The Market for Lemons
Idea 1: The Paradox of Privacy
Digital currency is nothing new. We have all heard of Bitcoin, seen the ads for eWallets, and probably pondered on the fact that our actual hard-earned Rands are mainly just stored as a series of binary numbers on a system at our preferred bank.
Consider quantitative easing for example – do you think the US government actually printed and fed more cash in to the system? Well, not exactly; closer to the truth is they just added to two zero’s to the fiscus. That simple.
But when did we become data? When did our choices, preferences, likes, dislikes, travel destinations and friends all turn in to sustainable business models? When did we lose our privacy?
Regardless of the answer to those previous questions, that is how things now are, and it has brought a strange consequence along with it – as much as we have issue with our personal information being used, and occasionally exploited, for profit, we do appreciate the many benefits, and the vast number of efficiencies, which are enabled when intelligent use of this information is employed.
So, we are slightly conflicted; we know that we like our privacy, but we also know we like things being as easy as possible. So, maybe, as long as everything someone knows about us is securely stored and used to our benefit, then we are ok with it? (That might just be the millennial in me speaking.)
Idea 2: Information Asymmetry
In one of the most influential economic papers written in the last century, George Akerlof succinctly demonstrated how a market where asymmetric information is present will eventually collapse. In economic terms, asymmetric information exists where one participant in a transaction has more information than another, and uses this information to their advantage.
Akerlof’s example centers around the market for used cars in America, where a buyer never has as much information as the seller. This leads to a risk from the buyer’s perspective that they may end up with a “lemon”, as opposed to a quality second-hand vehicle.
As a result of this situation buyers will drive prices down, as they don’t trust the high-end prices quoted, for fear of those vehicles being lemons. Eventually these top quality second-hand car sellers will leave the market due to them being unable to receive the prices their automotives are worth. If this situation perpetuates then this will lead to complete market failure as the prices will continue to fall and the probability of purchasing a lemon will continue to rise. (If you’d like to have a closer look at this, you can find the complete paper here.)
Connecting the Dots
Well, we now live in a world where we are comfortable with our data being used, so long as it is to our benefit, allows us to get on with our lives and enables better decision making. However, this is still the same world Akerlof wrote of, where trust plays a key role, and where information asymmetry can lead to a complete breakdown of some sort.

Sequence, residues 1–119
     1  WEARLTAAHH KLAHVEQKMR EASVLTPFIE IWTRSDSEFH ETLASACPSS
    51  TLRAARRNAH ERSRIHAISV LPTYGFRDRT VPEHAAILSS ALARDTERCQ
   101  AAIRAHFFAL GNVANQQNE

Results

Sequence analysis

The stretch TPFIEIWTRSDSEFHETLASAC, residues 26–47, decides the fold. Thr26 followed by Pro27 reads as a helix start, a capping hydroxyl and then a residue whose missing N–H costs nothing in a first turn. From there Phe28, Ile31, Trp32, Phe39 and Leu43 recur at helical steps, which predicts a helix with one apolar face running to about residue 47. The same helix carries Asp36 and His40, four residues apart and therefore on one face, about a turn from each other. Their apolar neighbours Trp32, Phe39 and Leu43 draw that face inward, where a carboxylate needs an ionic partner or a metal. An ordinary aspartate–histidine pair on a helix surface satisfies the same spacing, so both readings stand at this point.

In the real world, we, as advisor’s, are generally the buyers in Akerlof’s example, never knowing if we have complete information about our clients. But how can proper advice and insight be provided without this critical component? And, if we are not provided such information, does it not demonstrate a lack of trust?
Part of the solution to addressing information asymmetry is the implementation of various processes, and the utilization of tools to try and mitigate against any risks, to minimize the potential of a poor outcome. The good news is that such tools are available, but are you using them?
Everyone believes that they know their clients better than anyone else, but, since we as humans are cognitively limited to only being able to maintain around 150 stable relationships, is this even possible when considering the size of the average client base?
The answer is obviously no, not without utilising technology to augment ourselves and our practices.
A simple requirement of the adequate serving of clients today is to invest in our businesses for the future, with clients at the core and the ultimate goal being to find information parity in our client relationships – if we had perfect information then the advice and solutions which we could be providing would be exponentially better.
It is therefore critical to start your own digitization process, to disrupt your business model and future-proof your organisation, otherwise you may just find that by the time you get around to it, there will be very little reason to.
Why not automate mundane processes, be accessible 24/7, communicate personally and with relevant information, be at every important event, make sure you remember everything from your last meeting and remain relevant in more than just your client’s financial life – be a real part of their 150.
Its all far more possible, attainable and cost-effective than you may realise – all you need to do is take the first step.
Don’t be a lemon.